Workers Struggles: The Americas

29 March 2016
Latin America

Strike by Peruvian sugar workers for better pay, conditions

Workers for the Peru-based agricultural products firm Agroindustrial Casa Grande struck its sugar-processing plant near the city of Trujillo, in the nation’s northwestern Ascope province, on March 22. The workers, whose demands include better pay and working conditions, marched and set up blockades along the Pan-American Highway.

Another demand is the divestiture of agribusiness conglomerate Grupo Gloria, owner of a 57 percent share in the formerly state-owned company, which was privatized in 2006.

The Regional Labor Directorate declared the strike “inappropriate” and illegal. National Police units were deployed to the area, where confrontations ensued, with police using tear gas and clubs to disperse the protesters. The tear gas fumes affected children as well as disabled and elderly people. Ten workers were arrested for “altering the public order.”

As of March 26, the strike was still in effect in defiance of the illegality decree. A member of the workers’ negotiating team told RPP Noticias reporters that a protesting worker had been physically attacked by a police officer and that another seven workers had been detained, though five were later released. The union sent a commission to Trujillo to ask him to declare the strike legal.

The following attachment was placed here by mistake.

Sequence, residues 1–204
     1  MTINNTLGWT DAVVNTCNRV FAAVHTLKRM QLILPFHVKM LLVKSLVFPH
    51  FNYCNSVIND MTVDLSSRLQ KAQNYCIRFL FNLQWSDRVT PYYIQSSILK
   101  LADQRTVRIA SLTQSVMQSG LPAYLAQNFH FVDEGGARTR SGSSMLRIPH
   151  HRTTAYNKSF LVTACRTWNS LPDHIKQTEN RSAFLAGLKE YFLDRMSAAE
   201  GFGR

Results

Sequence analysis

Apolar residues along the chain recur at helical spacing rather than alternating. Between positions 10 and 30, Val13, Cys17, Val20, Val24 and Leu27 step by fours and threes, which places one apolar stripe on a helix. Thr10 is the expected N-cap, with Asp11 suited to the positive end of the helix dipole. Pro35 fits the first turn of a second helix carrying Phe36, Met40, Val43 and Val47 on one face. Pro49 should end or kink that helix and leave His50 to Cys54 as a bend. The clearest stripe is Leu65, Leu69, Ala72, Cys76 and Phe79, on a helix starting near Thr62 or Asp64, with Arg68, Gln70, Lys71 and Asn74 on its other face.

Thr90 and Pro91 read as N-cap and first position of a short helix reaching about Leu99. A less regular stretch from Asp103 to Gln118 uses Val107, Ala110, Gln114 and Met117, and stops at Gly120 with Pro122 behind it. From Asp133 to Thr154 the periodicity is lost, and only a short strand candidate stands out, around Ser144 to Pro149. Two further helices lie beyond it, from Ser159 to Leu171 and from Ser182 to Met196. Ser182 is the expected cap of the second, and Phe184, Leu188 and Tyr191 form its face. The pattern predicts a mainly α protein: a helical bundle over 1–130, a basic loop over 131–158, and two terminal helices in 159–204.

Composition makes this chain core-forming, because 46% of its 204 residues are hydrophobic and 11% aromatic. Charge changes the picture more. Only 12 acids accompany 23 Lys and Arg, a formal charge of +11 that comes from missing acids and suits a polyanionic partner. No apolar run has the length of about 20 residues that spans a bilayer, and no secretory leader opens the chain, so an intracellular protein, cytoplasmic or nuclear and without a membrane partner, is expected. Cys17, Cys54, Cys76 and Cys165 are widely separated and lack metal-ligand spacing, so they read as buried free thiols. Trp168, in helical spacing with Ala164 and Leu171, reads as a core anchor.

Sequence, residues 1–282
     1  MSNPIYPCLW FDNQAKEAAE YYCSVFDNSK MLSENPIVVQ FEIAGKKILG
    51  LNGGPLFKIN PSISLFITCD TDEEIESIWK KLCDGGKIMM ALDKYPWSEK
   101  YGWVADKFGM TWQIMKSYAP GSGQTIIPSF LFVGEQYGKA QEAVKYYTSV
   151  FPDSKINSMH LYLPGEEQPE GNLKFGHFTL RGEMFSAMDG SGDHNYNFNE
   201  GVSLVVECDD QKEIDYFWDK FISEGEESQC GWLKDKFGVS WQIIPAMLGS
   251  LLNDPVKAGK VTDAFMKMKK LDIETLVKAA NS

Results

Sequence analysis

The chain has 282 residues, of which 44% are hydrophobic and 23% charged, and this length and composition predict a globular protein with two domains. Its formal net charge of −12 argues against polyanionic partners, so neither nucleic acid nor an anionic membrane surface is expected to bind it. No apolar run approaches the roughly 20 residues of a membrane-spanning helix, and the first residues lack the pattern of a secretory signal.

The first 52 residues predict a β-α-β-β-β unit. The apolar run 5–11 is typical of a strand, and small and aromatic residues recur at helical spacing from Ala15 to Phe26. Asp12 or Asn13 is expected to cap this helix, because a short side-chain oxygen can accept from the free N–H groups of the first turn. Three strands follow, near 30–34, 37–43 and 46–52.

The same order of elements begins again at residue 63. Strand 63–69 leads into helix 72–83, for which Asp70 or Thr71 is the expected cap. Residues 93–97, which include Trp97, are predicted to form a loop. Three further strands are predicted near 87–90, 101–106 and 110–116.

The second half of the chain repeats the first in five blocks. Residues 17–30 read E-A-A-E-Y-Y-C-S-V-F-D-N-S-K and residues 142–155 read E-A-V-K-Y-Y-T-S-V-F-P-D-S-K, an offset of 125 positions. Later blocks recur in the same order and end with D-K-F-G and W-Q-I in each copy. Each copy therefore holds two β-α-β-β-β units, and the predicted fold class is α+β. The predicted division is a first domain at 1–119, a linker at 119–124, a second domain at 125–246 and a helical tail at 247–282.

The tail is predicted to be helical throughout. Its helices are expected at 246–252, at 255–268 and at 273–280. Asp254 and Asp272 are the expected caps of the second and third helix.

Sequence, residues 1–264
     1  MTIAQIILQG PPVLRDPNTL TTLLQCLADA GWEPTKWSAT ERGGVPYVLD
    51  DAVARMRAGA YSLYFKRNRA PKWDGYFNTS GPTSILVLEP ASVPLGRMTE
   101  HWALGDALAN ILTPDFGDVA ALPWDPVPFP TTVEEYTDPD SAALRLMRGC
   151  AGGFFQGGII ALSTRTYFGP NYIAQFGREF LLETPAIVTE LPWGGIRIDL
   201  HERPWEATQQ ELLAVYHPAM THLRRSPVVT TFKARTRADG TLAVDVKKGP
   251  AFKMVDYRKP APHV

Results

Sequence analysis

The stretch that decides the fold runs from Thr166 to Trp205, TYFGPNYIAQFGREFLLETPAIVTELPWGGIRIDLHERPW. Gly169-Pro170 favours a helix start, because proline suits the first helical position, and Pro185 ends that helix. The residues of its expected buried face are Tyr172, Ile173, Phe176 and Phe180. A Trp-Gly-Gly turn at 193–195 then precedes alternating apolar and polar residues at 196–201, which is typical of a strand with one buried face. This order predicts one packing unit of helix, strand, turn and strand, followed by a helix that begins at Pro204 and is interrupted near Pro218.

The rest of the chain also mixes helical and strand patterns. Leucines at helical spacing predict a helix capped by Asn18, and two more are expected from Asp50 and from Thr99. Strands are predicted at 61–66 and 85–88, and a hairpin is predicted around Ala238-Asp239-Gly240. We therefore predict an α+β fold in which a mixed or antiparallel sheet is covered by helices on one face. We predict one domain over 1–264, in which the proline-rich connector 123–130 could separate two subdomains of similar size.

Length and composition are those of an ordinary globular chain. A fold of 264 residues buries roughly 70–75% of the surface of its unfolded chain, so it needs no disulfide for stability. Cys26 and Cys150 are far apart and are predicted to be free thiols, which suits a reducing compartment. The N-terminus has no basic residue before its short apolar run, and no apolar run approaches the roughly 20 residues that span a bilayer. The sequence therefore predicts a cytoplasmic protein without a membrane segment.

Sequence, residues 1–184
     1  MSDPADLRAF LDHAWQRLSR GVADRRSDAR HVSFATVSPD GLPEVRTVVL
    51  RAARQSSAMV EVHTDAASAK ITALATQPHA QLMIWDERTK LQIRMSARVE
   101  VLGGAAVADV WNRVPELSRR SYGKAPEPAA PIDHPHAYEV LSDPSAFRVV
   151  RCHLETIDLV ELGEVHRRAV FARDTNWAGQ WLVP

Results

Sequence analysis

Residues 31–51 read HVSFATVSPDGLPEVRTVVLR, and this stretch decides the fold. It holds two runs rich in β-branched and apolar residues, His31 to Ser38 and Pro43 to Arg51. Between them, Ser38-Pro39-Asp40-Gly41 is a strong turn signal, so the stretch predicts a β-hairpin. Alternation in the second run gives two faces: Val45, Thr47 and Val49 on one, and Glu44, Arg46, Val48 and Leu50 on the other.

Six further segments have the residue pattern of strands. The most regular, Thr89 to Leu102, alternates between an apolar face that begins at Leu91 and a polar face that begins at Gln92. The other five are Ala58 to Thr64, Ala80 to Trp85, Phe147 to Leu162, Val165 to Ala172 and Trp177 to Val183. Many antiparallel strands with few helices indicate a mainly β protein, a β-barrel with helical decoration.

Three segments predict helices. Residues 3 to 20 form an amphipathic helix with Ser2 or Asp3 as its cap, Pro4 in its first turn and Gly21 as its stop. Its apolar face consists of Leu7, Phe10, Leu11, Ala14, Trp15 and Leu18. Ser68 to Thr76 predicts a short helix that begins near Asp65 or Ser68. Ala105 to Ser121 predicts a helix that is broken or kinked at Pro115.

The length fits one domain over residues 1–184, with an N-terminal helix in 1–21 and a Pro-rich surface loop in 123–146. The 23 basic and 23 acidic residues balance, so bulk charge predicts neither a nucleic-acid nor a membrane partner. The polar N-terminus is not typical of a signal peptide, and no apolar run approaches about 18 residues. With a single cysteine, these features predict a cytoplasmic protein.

Uruguay: Transportation workers repeat one-day strike over death of another taxi driver

Barely a week after striking for one day to protest the shooting death of a taxi driver in a Montevideo neighborhood, the Transport Workers Union (Unott) and the Suatt taxi drivers union called another 24-hour walkout March 25. The reason: the death of another taxi driver, 53-year-old Juan Bonilla, who died after lingering in a hospital bed for 24 days from a gunshot wound suffered February 28 in a robbery attempt.

Shortly after Bonilla’s burial, the union members assembled and voted to strike. According to an report, “Some of the assembled aired their discontent with the attitude assumed by the PIT-CNT [union confederation] in this case. Insults against the union central and references to the principal directors being on vacation outside of Montevideo or the country were heard.”

Suatt has accused the taxi companies and the Interior Ministry of “hiding something” for not having met to sign an agreement on security measures resolved several days ago, having only signed it the day after Bonilla’s death.